When I started my blog, I had a point-and-shoot camera that I bought in the early 2000s, and I had never taken any sort of photography class. I didn’t really know what I was doing photography-wise, and it showed. Eventually I acquired a digital SLR, but I didn’t begin to seriously improve my skills until I took a photography class, and then read a ton of online articles and tutorials. Oh, and practiced, a lot. But the effort it requires to take better photos pays off in terms of exposure and readership. Aside from just looking nicer, prettier pictures get shared and pinned more.
Here are my top six ways to improve your photography, followed by the best resources I’ve found to brush up on your photography skills.
My Top 6 Photography Tips
1. Learn how to use your camera
Even if you don’t have a DSLR, there are probably bells and whistles on your camera that you don’t know how to use. If you’re not sure, go look at it (right now–I’ll wait), and make sure that you know what everything does. If you don’t, check your manual. You might be surprised at what you find. If you do have a DSLR, you’re shortchanging yourself if you’re just shooting in auto mode. Read a book, take a class, or utilize the many online resources (see below) to learn how to use your camera to the fullest extent.
2. Know how to use lighting
Start with the best lighting you possibly can. Yes, there is a lot you can fix in post-processing, but it will almost never look as good as it would if you had just shot it with proper lighting in the first place. Whatever you do, don’t use the on-board flash on your camera. Natural lighting is the way to go whenever possible.
3. Practice your composition
Even if you have the best camera in the world, if you don’t know how to compose a picture your photos will never be great. The Rule of Thirds is a great place to start. Experiment and be creative!
4. Styling is important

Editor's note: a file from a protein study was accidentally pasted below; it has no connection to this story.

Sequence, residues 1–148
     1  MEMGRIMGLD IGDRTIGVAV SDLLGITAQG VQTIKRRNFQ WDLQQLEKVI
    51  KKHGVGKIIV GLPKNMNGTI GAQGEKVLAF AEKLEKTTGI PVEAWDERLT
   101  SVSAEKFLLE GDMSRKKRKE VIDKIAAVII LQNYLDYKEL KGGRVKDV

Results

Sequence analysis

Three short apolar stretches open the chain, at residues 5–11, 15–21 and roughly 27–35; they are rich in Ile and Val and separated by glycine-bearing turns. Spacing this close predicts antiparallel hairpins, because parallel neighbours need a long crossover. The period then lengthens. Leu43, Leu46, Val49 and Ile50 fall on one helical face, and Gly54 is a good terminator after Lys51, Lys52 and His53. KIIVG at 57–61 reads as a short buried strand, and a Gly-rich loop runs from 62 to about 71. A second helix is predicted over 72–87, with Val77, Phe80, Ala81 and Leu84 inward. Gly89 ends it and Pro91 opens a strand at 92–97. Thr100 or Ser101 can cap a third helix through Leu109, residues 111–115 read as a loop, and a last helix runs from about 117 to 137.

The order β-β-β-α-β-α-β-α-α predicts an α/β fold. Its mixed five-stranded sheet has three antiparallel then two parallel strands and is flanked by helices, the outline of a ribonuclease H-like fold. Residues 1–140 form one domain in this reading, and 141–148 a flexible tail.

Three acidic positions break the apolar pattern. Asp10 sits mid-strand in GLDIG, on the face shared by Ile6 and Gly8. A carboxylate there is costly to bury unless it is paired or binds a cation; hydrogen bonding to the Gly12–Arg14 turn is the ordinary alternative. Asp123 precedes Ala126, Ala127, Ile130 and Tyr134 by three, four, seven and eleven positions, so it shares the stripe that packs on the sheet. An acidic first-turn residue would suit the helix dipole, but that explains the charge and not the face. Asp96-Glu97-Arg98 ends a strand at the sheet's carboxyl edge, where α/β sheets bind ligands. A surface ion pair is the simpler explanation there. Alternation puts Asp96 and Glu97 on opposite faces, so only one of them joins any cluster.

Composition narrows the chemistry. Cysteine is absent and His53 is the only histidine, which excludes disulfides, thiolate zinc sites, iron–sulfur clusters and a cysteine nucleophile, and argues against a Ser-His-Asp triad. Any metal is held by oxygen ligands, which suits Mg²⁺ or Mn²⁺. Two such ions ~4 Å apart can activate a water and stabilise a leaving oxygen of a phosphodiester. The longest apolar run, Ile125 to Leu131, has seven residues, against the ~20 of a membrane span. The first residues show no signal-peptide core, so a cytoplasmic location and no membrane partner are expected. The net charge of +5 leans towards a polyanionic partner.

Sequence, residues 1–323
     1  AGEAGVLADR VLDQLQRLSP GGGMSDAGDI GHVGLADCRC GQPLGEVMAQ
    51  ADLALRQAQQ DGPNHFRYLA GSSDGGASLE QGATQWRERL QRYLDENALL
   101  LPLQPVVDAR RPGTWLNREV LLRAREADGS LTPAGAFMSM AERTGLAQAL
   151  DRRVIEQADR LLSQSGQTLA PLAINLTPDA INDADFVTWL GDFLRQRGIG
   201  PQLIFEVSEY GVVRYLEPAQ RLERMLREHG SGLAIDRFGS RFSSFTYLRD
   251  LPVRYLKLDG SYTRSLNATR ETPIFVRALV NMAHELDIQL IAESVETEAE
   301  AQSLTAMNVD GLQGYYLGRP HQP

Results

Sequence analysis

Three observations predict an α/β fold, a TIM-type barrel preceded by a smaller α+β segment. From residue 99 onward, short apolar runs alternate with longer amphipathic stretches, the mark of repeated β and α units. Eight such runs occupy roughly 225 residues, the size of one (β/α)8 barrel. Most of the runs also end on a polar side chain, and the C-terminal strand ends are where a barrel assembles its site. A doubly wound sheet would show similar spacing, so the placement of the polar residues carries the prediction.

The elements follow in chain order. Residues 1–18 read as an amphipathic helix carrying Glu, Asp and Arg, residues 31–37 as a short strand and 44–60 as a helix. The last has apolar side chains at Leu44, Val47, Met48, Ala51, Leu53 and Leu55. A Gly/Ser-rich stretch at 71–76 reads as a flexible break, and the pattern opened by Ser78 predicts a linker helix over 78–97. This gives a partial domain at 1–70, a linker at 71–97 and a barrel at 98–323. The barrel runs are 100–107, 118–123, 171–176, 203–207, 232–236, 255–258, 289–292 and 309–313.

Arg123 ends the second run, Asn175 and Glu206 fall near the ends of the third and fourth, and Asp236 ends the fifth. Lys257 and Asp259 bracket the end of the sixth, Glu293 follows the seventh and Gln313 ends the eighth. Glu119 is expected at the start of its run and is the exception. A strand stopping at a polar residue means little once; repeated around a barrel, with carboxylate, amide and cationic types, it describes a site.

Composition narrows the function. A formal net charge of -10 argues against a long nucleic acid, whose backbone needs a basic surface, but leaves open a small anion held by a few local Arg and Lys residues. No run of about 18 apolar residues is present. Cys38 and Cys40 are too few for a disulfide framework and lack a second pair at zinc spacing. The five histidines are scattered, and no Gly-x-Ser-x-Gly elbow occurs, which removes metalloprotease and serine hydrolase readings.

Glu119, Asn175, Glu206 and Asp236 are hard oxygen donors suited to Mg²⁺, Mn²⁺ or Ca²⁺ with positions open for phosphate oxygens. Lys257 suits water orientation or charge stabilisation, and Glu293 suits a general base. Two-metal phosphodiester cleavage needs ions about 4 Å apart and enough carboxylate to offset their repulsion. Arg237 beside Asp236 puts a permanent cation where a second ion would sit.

You can compose the hell out of a shot, but if you’ve got clutter in the background or are missing important props, it’ll fall flat. Play around with the elements of your shot, and don’t be afraid to add or subtract items to get the look you’re after. The merchandising in stores, or in catalogs (or websites) and magazines are great places to look for styling inspiration.
5. Use a tripod
A tripod can make a huge difference in the quality of your shots, especially if you’re shooting in low light or don’t have a steady hand. For self-portraits, it’s essential, as is a shutter remote. Neither are very expensive.
6. Take more pictures
When you’re trying to photograph a particular subject, take as many pictures as you can. Vary the angle, lighting, and whatever else makes sense for the situation. With digital photography, you will never be sorry you took too many shots, but if you don’t get the one you want, you WILL be sorry you didn’t take more. This applies in general, too–the more you practice your photography, the better you’ll get.
As far as I’m concerned, my photos will never be good enough, but fortunately there are many great online resources for improving your photography skills. Here are a few I’ve found helpful.
- I took an in-person beginning DSLR photography course taught by Nicole Hill Gerulat, and I learned SO much about how to operate my camera. She now teaches a whole roster of online courses, which I imagine would be super helpful, too. There are also some free video tutorials on the site.
- Digital Photography School has a ton of great resources, but even if you’re not new to the subject, start with Digital Photography Tips for Beginners.
- A Beautiful Mess has many helpful tips and tutorials for better photography. Emma and Elsie are even writing a book on the topic!
- For a practical, straightforward post, read Photography Tips for Beginners from Stars for Streetlights.
- Even if you’re not a fashion blogger, Independent Fashion Bloggers can teach you a lot about how to use your camera. Here’s a roundup of many of their posts on the subject.
- Speaking of fashion blogging, these tips for taking outfit photos are great.
- Simple photo editing instructions to perk up photos, from Pugly Pixel.
- For a little bit of fancy Photoshop work, check out Bubby and Bean for this tutorial on how to create dreamy, summertime-inspired photos and this one to learn how to create double exposure effects.
Edited to add: I’m going to add more resources here as I find them. Please bookmark this list and check back!
- If you like to photograph food, read this post for tips and tricks.
- For more help with using your camera to its fullest potential, read 20 Things I Wish I Knew About Photographing in Manual Mode.
Do you have any great photo tips or resources to share? I’d love to hear them!